Birth control on religious campus

Sarah C is licensed under CC BY 2.0

Students are unsure about participating in protests

Birth control coverage is yet another stress factor in a student’s life. The President Donald J. Trump-led administration has taken a few actions which could make birth control prescription insurance coverage uncertain in the future. The Trump administration on October 6 released a brand new rule making it much easier for all employers having religious objections to get an exemption from the Affordable Care Act. Universities like Washington D.C.'s prestigious Georgetown began providing mandated contraceptive coverage to both its students and faculty in 2013. This facility came into effect as part of a compromise with the federal government. The compromise permits religious objectors to opt out of contraceptive coverage.

The new administrative rule introduced by Trump has made students unsure about whether the coverage would continue as before. Conservative universities are said to be presently reviewing new regulations. The existing coverage will be applicable for 2018 but afterwards coverage is uncertain. Most universities have not released any statement to either faculty or students in this regard.

A few universities, however, have already announced their faculty and students will not lose their birth control coverage at the calendar year-end. The University of Notre Dame is one of them. In an email sent to all students and staff, the university authorities announced they have taken the decision to reverse the October plan of eliminating all contraceptive coverage from the health plans chosen by employees.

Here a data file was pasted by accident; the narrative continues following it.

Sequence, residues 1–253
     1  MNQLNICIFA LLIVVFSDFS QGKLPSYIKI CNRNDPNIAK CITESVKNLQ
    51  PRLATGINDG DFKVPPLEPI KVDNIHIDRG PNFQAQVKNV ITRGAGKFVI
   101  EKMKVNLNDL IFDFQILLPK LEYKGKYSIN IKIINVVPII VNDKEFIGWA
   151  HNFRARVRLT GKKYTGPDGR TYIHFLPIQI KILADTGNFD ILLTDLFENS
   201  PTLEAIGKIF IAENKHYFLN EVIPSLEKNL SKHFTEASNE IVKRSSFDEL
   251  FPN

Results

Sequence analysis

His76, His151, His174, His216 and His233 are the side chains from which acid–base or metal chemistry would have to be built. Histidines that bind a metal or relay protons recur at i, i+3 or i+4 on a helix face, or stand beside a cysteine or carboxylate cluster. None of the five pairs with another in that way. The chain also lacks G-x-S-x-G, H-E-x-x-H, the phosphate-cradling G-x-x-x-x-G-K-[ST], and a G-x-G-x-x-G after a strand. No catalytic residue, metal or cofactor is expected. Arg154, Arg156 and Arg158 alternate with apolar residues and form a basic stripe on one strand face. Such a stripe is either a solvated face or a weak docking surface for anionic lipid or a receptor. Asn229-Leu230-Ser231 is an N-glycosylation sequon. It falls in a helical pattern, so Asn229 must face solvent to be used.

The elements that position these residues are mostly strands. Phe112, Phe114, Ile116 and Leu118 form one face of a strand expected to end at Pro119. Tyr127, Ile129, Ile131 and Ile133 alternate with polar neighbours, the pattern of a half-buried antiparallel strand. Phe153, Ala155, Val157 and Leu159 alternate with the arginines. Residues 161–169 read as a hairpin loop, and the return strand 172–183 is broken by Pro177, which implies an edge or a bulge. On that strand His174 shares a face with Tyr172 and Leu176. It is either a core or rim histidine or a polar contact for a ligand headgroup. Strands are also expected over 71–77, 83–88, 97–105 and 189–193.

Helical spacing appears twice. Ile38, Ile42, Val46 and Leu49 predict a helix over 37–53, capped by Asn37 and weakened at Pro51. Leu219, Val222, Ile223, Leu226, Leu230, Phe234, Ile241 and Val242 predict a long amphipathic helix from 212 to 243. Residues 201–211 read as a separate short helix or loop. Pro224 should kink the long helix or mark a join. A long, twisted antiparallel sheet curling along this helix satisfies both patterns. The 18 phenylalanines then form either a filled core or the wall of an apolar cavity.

The problem is even if health insurance coverage is available, birth control access on religious schools' campuses is not guaranteed. This problem has been known to activist groups, who are fiercely opposing contraceptive restrictions prevalent on religious campuses. Members of H*yas for Choice, a group of undergraduate students of Georgetown University, distribute condoms to fellow students.

Where opposition towards those students is particularly fierce, as at Boston College in Massachusetts, students hands out condoms outside the college campus. Boston College authorities have threatened the students with disciplinary action. Not all students do activities contrary to university ethos. Student groups in such educational institutions are wary of making any statement which could run afoul of the university's position on sexual health and contraception. There is also the constant danger of losing access to resources and funding.

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